I have benefited from many ‘random acts of kindness’ since my diagnosis and know that small gestures can really help in difficult times. I would like to hear about yours too… please share them here so we can relive these wonderful moments!!
After I was diagnosed (I was lucky enough, although I did not realise it at the time) to go straight on to watch and wait. It was very confusing for me, my family and friends to get our heads round me having a cancer diagnosis, but not having any treatment ‘to make me better’. A lovely, very kind, not wealthy, friend of mine was made redundant and said she would give me all her redundancy money so I could be treated privately. I was so touched and 14 years later I have never forgotten it.
Oh how lovely and I would feel the same as you… this is a very selfless and thoughtful gesture which I would never forget either.
One of mine is when I was between chemotherapy cycles and my sister had taken me to a Tesco cafe for a cuppa when this lady came up to me with a bunch of flowers. With tears in her eyes she told me how much I had helped her keep positive about her mums recent cancer diagnosis as I had inspired her mum to be positive and keep going. When she saw me in the store she went and paid for the flowers so she could give them to me there and then. They had been following my posts on Facebook, turns out we’d played together as children so now we keep in touch… this is a moment I will never forget and really touched my heart.
There are some really lovely people out there !!!
When I was in the hospital I had to go to another hospital to have radio isotope scan. A nurse accompanied me and we chatted for some time that day. Two days later she was on duty again but on night shift on another ward. Before her shift started that evening she came to see me to see how I was. I was very touched by this thoughtful action.
Another time I was in hospital for some weeks and the skin on my feet was for some reason peeling and awful. A nurse noticed this and cane back with a pot of cream and gently rubbed it into my feet.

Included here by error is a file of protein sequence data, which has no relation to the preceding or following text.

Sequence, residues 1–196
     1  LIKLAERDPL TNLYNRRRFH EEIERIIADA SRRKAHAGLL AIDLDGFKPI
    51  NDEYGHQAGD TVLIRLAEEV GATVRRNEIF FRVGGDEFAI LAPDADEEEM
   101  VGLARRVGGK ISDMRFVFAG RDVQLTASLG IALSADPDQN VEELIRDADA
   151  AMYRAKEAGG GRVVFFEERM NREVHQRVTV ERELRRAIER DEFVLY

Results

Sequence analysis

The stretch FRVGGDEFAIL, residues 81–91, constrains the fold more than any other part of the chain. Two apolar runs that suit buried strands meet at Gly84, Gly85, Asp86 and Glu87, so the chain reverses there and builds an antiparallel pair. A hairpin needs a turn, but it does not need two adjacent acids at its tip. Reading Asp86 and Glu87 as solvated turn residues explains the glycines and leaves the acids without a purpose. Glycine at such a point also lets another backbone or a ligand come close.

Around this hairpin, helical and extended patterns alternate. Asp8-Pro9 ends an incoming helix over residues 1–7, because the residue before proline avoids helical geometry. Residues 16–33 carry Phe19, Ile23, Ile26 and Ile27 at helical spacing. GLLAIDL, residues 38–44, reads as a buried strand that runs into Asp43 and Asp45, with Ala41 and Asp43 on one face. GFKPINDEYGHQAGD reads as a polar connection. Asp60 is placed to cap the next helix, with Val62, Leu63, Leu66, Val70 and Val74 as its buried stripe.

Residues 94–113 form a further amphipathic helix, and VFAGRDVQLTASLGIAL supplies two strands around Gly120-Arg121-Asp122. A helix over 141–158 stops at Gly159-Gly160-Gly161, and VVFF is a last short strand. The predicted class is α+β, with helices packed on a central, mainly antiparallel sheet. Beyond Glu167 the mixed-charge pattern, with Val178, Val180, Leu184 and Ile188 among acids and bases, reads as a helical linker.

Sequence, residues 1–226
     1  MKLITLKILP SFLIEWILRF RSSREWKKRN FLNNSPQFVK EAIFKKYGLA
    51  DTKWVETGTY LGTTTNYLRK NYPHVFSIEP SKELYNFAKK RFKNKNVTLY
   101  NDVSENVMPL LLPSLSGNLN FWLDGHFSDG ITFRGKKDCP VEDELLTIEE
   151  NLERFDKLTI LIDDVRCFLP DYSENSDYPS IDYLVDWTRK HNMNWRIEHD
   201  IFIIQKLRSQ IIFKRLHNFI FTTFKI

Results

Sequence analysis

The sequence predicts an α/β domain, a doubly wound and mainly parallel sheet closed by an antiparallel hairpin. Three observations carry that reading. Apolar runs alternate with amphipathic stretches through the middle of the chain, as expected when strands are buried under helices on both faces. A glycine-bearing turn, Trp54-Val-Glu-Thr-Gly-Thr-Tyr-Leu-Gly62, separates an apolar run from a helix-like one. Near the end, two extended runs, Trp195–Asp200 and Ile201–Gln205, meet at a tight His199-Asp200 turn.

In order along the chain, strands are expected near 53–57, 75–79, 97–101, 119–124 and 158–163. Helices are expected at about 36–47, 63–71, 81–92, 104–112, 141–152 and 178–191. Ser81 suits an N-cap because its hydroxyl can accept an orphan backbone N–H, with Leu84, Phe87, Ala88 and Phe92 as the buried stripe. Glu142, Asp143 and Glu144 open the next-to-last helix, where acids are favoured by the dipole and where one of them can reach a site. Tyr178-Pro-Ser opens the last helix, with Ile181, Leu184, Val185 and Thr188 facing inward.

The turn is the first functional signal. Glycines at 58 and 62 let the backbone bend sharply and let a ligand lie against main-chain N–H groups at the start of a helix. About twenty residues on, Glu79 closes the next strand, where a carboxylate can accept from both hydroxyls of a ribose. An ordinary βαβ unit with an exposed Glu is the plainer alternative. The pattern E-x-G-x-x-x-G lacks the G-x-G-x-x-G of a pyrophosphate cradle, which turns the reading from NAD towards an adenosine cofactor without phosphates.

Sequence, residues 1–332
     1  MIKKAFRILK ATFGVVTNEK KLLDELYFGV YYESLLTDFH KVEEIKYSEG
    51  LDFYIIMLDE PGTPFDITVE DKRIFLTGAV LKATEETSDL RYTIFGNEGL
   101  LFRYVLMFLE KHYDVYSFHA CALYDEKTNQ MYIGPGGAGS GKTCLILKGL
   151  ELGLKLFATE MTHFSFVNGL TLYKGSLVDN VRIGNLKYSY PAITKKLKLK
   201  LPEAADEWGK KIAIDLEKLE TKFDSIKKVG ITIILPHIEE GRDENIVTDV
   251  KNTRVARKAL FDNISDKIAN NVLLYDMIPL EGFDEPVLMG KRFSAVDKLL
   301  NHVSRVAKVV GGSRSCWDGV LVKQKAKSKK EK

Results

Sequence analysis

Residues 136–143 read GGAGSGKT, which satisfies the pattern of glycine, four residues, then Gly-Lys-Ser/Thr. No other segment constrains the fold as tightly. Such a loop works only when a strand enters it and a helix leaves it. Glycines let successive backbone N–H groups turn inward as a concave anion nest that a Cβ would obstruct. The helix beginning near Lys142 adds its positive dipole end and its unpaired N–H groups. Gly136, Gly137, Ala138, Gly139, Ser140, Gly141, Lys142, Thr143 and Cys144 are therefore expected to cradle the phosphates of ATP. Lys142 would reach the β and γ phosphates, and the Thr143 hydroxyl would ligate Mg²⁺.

These and other similar acts from nurses made a huge difference to me at the time.
Oh, Joan, those 2 acts of kindness must have meant so much to you, thanks for posting and take care.
We have had such kindnesses that many tears have been shared. One of the most memorable was during the first weeks of my husband’s illness (at the time there were thoughts he wasn’t going to survive more than a month) - it was Christmas Eve and Santa himself came to our house at 730pm. He rang the doorbell as it was still early, came in for a chat and left presents for the whole house. He told my 7yr old he was on a tea break, had heard that our house was feeling sad and worried and that there was a big boy and a wee boy who were being very brave there. He wanted to tell them both that he knew they’d do all they could to get through these days. I captured on video my son meeting Santa in person and the look of joy, of elation, of absolute disbelief and of love on his face. It remains one of the greatest moments of my life. And all because of my wonderful friend Liz who had organised it as an attempt to ‘do something, anything, to show us we weren’t alone’. It was priceless. I still get all choked up recalling it!